How to get better wireless performance for mobile devices with small PCBs

The demand for smaller wireless devices is growing, for use in consumer applications such as wearables, medical devices and trackers as well as in industrial applications such as lighting, security and building management.  It follows that smaller electronic devices will require smaller PCBs, which mean that the antennas must work with shorter ground planes, and if they are battery operated, power is also a factor – because the device must not consume too much power.

This presents quite a challenge for the product designer. The end design will need to be submitted for formal network and government approval before the new product can be used on the carrier networks, and the design is likely to fail if the antenna doesn’t perform correctly, or if the device creates radio interference by re-radiating noise from the device. It follows that it is even harder to get carrier approval for a smaller product, because it is more difficult to achieve wireless performance that is good enough to pass transmit and receive minimum levels. This is particularly true in the USA where a design must meet strict criteria to gain network approval.

It is a fact that for electrically small antennas to operate at frequencies below 1GHz, they ideally need ground plane lengths of 100mm or more to achieve good performance and efficiency. If the antenna efficiency should drop, it will cause issues with power consumption and achieving network approval for the finished product. This means that the challenge for a product designer is to create a design where there is enough space for the antenna to perform correctly, and still fit all the components into a smaller PCB.

This is especially true for antennas operating at frequencies below 1GHz, which are typically used for products such as IoT devices, product trackers, fitness devices and other similar small devices.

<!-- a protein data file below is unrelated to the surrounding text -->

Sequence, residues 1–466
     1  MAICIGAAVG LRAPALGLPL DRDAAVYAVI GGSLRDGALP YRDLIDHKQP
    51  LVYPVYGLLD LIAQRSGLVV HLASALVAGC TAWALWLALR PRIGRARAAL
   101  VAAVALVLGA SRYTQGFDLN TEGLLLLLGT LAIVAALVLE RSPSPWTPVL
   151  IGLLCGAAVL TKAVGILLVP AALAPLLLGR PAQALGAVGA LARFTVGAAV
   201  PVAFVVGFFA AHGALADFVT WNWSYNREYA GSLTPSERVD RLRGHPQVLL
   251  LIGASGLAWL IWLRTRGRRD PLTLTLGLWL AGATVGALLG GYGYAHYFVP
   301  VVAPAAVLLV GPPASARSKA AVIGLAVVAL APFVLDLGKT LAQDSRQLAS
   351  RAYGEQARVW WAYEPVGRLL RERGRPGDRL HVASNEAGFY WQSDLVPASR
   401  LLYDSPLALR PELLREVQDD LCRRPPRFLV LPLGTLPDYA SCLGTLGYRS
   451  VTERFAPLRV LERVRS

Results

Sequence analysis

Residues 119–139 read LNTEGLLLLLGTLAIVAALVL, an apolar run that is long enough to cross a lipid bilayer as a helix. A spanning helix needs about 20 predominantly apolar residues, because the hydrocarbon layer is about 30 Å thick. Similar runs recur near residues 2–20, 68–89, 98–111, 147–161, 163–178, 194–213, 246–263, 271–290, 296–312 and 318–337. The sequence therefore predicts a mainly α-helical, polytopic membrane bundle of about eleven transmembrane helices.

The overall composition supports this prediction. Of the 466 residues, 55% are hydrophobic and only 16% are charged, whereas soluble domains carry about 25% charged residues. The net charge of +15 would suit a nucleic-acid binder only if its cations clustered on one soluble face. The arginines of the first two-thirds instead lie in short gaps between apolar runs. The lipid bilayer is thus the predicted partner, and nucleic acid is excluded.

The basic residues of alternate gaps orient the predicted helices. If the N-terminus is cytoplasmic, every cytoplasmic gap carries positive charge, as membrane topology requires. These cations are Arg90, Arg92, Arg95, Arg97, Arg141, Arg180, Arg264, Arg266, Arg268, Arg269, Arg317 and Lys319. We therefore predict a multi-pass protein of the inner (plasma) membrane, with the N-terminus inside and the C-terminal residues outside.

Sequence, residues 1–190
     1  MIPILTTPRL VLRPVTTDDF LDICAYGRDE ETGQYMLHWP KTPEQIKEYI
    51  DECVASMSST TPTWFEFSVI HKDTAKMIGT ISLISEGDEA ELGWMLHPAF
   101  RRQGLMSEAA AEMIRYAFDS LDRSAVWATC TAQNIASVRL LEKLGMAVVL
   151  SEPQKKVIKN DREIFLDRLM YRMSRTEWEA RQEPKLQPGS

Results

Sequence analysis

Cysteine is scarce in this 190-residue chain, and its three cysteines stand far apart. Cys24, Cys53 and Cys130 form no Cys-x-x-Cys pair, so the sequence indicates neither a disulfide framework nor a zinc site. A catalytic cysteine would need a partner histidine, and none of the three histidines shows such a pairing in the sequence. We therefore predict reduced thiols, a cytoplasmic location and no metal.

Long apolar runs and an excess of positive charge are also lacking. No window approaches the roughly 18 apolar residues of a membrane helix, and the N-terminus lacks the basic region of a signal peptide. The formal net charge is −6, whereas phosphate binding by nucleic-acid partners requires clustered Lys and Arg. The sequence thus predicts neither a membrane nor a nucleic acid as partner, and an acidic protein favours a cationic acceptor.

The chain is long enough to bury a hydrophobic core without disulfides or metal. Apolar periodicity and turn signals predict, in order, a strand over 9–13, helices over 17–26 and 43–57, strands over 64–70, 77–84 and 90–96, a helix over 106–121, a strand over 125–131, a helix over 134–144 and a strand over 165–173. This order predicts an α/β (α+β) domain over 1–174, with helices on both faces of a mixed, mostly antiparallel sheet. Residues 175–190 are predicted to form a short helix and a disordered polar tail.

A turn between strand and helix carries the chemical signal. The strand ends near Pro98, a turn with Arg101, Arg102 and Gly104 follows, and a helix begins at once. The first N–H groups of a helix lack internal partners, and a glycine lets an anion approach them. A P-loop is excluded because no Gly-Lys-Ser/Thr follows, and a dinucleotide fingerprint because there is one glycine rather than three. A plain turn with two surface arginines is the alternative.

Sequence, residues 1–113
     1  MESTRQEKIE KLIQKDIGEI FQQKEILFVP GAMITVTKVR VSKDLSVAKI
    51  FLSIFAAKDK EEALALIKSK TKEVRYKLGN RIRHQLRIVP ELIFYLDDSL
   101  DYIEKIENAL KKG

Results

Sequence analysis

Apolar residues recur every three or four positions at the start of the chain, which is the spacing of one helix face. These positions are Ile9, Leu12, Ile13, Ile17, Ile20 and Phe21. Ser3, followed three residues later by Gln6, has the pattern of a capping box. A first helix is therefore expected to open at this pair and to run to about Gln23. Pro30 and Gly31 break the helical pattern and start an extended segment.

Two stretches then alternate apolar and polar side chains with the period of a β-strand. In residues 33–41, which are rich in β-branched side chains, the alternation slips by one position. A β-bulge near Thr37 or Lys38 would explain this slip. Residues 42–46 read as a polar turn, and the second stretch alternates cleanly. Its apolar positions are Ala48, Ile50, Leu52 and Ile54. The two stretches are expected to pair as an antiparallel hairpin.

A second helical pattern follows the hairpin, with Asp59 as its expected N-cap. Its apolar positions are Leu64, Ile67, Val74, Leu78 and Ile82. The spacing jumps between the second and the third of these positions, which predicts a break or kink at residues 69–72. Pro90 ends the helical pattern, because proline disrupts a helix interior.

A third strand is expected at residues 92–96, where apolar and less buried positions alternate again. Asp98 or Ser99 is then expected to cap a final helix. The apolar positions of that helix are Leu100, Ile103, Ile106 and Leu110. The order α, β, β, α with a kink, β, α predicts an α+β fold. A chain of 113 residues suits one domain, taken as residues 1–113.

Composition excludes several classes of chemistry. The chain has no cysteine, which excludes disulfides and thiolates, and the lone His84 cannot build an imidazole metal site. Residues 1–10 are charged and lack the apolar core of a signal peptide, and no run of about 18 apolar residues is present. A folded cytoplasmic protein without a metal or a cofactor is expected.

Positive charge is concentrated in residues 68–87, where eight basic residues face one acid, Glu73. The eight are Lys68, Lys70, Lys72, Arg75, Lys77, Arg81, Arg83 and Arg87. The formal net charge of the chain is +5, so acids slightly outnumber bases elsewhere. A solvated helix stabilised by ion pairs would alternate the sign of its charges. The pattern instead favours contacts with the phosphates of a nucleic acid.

Wearable devices and medical devices that are used close to the human body present a special challenge. The human body restricts RF signals, so the designer should consider how the antenna will radiate, and be certain to place the antenna in such a manner that the human body will not obstruct the signals.

Wearable devices can be as small as 50mm or even less. And some of them may use more than one antenna!

There are several factors that affect the performance of the antenna in a small device, and this article will address them in turn. The first and most important is the ground plane, which in many cases is essential for the antenna to radiate. But this is not all, the designer should place the antenna correctly and consider the other components and the position of these in relation to the antenna, to ensure that nothing noisy or metallic lies in the antenna’s path.  Finally, the casing for the device can make a difference, and we will outline the main materials to avoid.

Embedded Antennas – how they work

A dipole antenna uses two radiators to operate, but an embedded chip antenna has only one. For an embedded antenna, a surface of the PCB becomes the second radiator. This explains why, if the length of the PCB is too short, the antenna will not operate efficiently.

The resonance of an antenna is directly related to its wavelength. The antenna must resonate at whole number multiples or fractions of the wavelength, with the shortest resonant length being a quarter of the wavelength.

A full-wave antenna at the 916MHz frequency would need to be approximately 327mm long, which is not practical for an embedded antenna, but a quarter-wave version is practical at a ground plane length of 87.2mm. This will be coiled up across the copper traces and layers that are hidden within a tiny surface mounted chip antenna.

Antenna designers get around this limitation by using the ground plane as the missing half of the half-wave dipole, so a quarter-wave monopole antenna radiates against the ground plane. Therefore, the most popular embedded antennas in small wireless devices tend to be quarter-wave monopole antennas.

Ground plane length

For an embedded antenna to work efficiently, the ground plane must be at least a quarter wavelength of the antenna at its lowest frequency. Accordingly, at the lower frequencies the design will be much easier when the ground plane is 100mm or greater.